The U.S. Court of Appeals for the Sixth Circuit today affirmed the decision of a federal district court that a hospital—a nonprofit entity—was not entitled to a higher rate of interest on its refund of FICA paid on the stipends paid to its medical students. The Sixth Circuit agreed that the hospital was to be treated as a corporation and thus only entitled to the lower interest rate on the tax refund.
The case is: United States v. Detroit Medical Center, No. 15-1279 (6th Cir. August 17, 2016). Read the Sixth Circuit’s decision [PDF 90 KB]
The medical center, a collection of not-for-profit hospitals, overpaid its taxes (specifically, FICA on stipends paid to medical students) entitling it to a refund plus interest. Under the Internal Revenue Code, “corporations” receive lower interest rates on such refunds (the federal short-term interest rate plus as little as 0.5%). Other taxpayers, however, receive a higher rate of interest on refunds (the federal short-term interest rate plus 3%).
The medical center claimed that, as a not-for-profit, it was not to be treated as a corporation and was eligible for the higher interest rate—increasing its refund by $9.1 million. The IRS disagreed, and the federal district court granted the government’s motion for summary judgment in the ensuing refund litigation.
The Sixth Circuit today affirmed, finding that a nonprofit entity incorporated under state law amounts to a corporation. In its decision, the Sixth Circuit looked to a 2015 case from the Second Circuit that explained that the term “corporation” “ordinarily refers to both for-profit and nonprofit entities” and that the key feature is not whether the entity is a for profit operation but whether state law has conferred corporate status on the entity. Read TaxNewsFlash-Exempt Organizations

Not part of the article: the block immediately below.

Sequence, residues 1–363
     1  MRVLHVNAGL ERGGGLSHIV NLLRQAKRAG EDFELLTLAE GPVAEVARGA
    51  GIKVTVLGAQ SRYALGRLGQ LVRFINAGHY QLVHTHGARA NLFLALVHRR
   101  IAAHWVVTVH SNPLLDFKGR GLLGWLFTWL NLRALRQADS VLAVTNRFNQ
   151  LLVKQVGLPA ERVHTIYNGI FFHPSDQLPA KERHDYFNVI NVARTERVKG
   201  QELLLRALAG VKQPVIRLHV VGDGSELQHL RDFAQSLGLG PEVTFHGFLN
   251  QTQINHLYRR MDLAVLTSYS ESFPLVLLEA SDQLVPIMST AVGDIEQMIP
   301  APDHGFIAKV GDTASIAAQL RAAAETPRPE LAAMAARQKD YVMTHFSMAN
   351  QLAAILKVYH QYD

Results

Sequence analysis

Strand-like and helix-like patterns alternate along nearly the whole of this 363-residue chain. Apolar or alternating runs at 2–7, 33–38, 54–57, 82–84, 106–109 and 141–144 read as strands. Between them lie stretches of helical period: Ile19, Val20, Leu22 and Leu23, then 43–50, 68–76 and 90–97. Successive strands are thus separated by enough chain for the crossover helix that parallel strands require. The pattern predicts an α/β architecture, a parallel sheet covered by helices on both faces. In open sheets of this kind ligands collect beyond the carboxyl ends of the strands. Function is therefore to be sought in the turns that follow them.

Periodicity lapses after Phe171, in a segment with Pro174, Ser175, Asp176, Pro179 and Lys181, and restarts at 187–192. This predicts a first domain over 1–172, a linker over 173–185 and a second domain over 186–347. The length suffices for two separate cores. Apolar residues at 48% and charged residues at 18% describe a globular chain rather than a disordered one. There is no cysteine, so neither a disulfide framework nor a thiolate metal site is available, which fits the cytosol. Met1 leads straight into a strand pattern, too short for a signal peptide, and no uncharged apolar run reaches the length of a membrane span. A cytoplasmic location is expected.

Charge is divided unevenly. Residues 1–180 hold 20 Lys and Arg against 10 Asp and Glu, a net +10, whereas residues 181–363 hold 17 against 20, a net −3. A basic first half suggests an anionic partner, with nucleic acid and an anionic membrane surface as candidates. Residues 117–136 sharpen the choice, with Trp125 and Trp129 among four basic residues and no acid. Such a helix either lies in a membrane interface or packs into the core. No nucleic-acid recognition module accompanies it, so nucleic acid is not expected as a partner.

For more information, contact the Managing Director-in-Charge of KPMG's Washington National Tax Exempt Organizations Tax group:
D. Greg Goller | +1 (703) 286-8391 | email@example.com
© 2018 KPMG LLP, a Delaware limited liability partnership and the U.S. member firm of the KPMG network of independent member firms affiliated with KPMG International Cooperative (“KPMG International”), a Swiss entity. All rights reserved.
The KPMG logo and name are trademarks of KPMG International. KPMG International is a Swiss cooperative that serves as a coordinating entity for a network of independent member firms. KPMG International provides no audit or other client services. Such services are provided solely by member firms in their respective geographic areas. KPMG International and its member firms are legally distinct and separate entities. They are not and nothing contained herein shall be construed to place these entities in the relationship of parents, subsidiaries, agents, partners, or joint venturers. No member firm has any authority (actual, apparent, implied or otherwise) to obligate or bind KPMG International or any member firm in any manner whatsoever. The information contained in herein is of a general nature and is not intended to address the circumstances of any particular individual or entity. Although we endeavor to provide accurate and timely information, there can be no guarantee that such information is accurate as of the date it is received or that it will continue to be accurate in the future. No one should act on such information without appropriate professional advice after a thorough examination of the particular situation. For more information, contact KPMG's Federal Tax Legislative and Regulatory Services Group at: + 1 202 533 4366, 1801 K Street NW, Washington, DC 20006.